The purpose of this supporting document is to define parameters within which equine dentistry can be performed. While the practical exam will test to a basic standard of care it must be remembered that dentistry combines both the arts and sciences. To be performed at a high level, the practitioner must have a solid understanding of the hypsodont anatomy, physiology, biomechanics, and pathology combined with a knowledge of instrumentation and practical skills.

 

Currently, there is no practical “standard” in equine dentistry and it remains unlikely that one will be developed soon. It is too difficult and ambiguous to define exactly what work must be performed on each mouth. To attempt to transfer the art and science of equine dentistry under one rule would only muddy the waters and decrease the overall standard of care. Each individual horse has a unique anatomy and the work performed must be adapted to that individual. Equine dentistry cannot be performed using a cookbook approach. As such, the IAED has developed a set of parameters – Anatomical Guidelines – that provides practitioners with an understanding of the anatomy that must be respected during the process of equilibration.

 

The goal of equilibration is to distribute the pressure and wear of mastication onto as many viable teeth as possible in order to maximize the longevity and integrity of the equine dentition. The reduction of ONLY the protuberant teeth allows the opposing excessively worn tooth room to erupt, so that over time the amount of reserve crown is as symmetrical as possible for respective teeth. This will ensure an approximately even rate of wear on the respective teeth thus extending the viability and longevity of the dentition. During the process of equilibration, it is assumed that the sharp buccal and lingual points will be removed WITHOUT a functional loss of occlusal surface.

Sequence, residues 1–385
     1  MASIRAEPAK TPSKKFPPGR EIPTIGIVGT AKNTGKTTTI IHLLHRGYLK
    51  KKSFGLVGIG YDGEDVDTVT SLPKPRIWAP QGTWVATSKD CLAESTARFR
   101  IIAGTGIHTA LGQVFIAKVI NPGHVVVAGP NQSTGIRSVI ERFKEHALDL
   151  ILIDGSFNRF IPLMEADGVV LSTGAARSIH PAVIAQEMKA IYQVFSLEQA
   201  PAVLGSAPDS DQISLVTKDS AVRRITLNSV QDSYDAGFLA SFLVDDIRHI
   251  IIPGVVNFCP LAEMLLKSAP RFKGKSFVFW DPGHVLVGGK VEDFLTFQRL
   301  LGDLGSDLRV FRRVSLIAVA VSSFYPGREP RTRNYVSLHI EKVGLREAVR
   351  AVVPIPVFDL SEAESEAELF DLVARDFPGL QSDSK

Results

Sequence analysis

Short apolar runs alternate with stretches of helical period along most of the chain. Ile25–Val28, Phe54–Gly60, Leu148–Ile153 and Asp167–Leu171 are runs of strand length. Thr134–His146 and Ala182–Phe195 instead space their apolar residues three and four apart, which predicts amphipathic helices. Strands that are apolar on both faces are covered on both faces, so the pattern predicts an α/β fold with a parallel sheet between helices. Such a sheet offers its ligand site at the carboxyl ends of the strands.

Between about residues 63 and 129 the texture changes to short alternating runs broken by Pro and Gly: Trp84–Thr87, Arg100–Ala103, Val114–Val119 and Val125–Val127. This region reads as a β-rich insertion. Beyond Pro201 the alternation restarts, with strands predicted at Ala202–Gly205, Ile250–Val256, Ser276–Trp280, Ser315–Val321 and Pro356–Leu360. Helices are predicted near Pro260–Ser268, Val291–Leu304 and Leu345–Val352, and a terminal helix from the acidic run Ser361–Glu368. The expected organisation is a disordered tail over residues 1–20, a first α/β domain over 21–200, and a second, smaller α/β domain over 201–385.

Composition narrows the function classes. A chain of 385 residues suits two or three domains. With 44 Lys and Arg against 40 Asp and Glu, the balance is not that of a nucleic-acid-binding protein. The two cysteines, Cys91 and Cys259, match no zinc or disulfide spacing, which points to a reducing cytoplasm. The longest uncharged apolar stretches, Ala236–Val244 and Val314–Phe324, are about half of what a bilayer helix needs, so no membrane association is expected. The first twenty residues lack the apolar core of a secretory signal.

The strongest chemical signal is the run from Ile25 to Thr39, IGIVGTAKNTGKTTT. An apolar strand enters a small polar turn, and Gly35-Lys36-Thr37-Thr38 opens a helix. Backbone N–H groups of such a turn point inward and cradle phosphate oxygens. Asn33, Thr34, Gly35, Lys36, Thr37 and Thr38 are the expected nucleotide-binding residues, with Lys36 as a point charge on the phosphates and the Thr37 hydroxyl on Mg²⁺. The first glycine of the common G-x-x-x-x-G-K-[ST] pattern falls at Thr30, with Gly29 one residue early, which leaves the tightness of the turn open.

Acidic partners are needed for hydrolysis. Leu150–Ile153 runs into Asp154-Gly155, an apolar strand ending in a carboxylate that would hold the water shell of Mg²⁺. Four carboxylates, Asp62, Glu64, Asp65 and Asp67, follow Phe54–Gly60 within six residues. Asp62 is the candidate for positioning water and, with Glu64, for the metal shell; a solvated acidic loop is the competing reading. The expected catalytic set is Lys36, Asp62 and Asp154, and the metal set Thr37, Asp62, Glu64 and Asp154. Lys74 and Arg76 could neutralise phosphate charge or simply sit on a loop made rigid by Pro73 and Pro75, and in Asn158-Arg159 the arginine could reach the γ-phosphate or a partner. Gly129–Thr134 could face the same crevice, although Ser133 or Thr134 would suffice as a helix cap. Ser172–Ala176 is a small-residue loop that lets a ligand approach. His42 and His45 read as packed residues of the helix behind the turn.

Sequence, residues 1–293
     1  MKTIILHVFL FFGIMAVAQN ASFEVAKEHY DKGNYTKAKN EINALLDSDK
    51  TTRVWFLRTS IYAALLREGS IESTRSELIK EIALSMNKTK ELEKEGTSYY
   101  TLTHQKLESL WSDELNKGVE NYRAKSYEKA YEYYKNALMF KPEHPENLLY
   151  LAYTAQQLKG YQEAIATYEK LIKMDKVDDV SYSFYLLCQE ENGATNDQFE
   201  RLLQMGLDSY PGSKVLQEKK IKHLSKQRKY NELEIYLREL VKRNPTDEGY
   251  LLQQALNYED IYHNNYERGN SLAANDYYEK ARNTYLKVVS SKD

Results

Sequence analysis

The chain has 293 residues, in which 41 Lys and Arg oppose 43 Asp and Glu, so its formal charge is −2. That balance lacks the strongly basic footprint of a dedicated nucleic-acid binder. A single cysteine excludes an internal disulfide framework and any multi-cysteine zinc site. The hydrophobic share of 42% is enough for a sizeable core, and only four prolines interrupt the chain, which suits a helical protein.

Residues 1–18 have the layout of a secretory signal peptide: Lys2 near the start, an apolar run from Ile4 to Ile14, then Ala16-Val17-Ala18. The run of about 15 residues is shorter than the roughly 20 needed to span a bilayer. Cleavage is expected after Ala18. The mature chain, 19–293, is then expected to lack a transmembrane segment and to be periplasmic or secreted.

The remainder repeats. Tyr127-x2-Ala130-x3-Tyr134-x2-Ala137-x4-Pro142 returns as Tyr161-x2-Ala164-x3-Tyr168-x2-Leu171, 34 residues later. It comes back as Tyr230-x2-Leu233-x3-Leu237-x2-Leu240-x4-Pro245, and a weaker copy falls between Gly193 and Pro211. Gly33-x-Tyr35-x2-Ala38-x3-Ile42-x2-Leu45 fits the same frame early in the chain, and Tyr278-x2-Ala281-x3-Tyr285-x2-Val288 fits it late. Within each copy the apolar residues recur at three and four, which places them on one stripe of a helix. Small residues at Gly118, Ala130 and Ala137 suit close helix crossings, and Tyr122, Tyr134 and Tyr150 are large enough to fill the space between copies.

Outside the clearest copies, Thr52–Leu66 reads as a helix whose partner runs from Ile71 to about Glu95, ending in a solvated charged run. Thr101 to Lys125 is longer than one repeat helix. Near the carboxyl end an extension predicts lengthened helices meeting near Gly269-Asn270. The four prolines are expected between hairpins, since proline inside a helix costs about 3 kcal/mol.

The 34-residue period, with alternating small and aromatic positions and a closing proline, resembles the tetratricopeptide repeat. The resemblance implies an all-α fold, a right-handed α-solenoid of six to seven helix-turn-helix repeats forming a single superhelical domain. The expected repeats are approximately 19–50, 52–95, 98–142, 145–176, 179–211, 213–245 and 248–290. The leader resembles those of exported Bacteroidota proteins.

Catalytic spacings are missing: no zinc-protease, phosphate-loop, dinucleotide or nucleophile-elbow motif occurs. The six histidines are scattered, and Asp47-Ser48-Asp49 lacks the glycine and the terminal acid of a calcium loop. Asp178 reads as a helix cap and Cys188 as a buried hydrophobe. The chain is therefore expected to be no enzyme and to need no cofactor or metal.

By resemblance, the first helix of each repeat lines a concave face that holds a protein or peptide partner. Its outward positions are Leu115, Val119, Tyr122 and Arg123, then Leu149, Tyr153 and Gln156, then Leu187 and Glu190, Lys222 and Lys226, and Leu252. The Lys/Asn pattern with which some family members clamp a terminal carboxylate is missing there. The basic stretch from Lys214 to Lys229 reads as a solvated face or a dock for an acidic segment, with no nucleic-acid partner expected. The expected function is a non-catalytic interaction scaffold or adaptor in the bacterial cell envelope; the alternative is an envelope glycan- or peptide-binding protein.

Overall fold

During the practical exam, the candidate must demonstrate that he/she understands all the anatomical landmarks and variations that must be considered for each animal. This will be documented through charting of the horse following a thorough oral exam. Abnormal pathology must be completely documented. The horse should be given regular breaks with complete closing of the speculum at about 5 minute intervals. The mouth should remain closed for at least 10-15 seconds and be rinsed during breaks.

Incisors: 

·         The incisors should be carefully evaluated prior to placement of the speculum.

·         When dental work is completed, the incisors should not be placing lateral pressure on the mandible

·         The incisors should be in contact on as many viable teeth as possible. It is understood that incisors that have been excessively         worn may be left out of occlusion following the reduction of the protuberant opposing incisor. However, in cases where the               incisors are well aligned, the pressure should be distributed onto as many teeth as possible

·         Candidate must use the color of the secondary dentin to determine how much to reduce protuberant teeth

·         For the purpose of the exam, the secondary dentin should maintain some brown coloration and not be taken so far that white           dentin is visible.

·         Exposure of any pink material reflecting live pulp will result in automatic failure

·         The incisors should feel free of mechanical restrictions during lateral excursion

·         Incisor table angles should not be so steep that rostral movement of the mandible is restricted. The incisor table angles should         be close to aligning with the TMJ.

·         Large reductions of ALL the incisors should NOT be performed.  If a diagonal bite is present, it is expected that candidate will           realign bite as much as possible WITHOUT reducing the protuberant teeth so much that the secondary dentin remaining is               white. Light brown secondary dentin should be used as the gauge for when to stop reduction.

·         Complete flattening of the incisor table angle is not acceptable

·         During equilibration of incisors, adequate technique must be used to prevent excessive heat generation.

·         Any abnormal pathology such as EOTRH, necrotic pulp horns, fractures, periodontal disease, etc must be thoroughly                      documented on chart – if present, these must also be brought to the attention of the attending veterinarian.

·        

Canines:

·         The canines should be smooth and rounded but not overly reduced

·         Pulp exposure will result in automatic failure

·         Any tartar present should be removed

·         Presence of gingivitis should be charted accordingly

·         Blind canines should be well documented on chart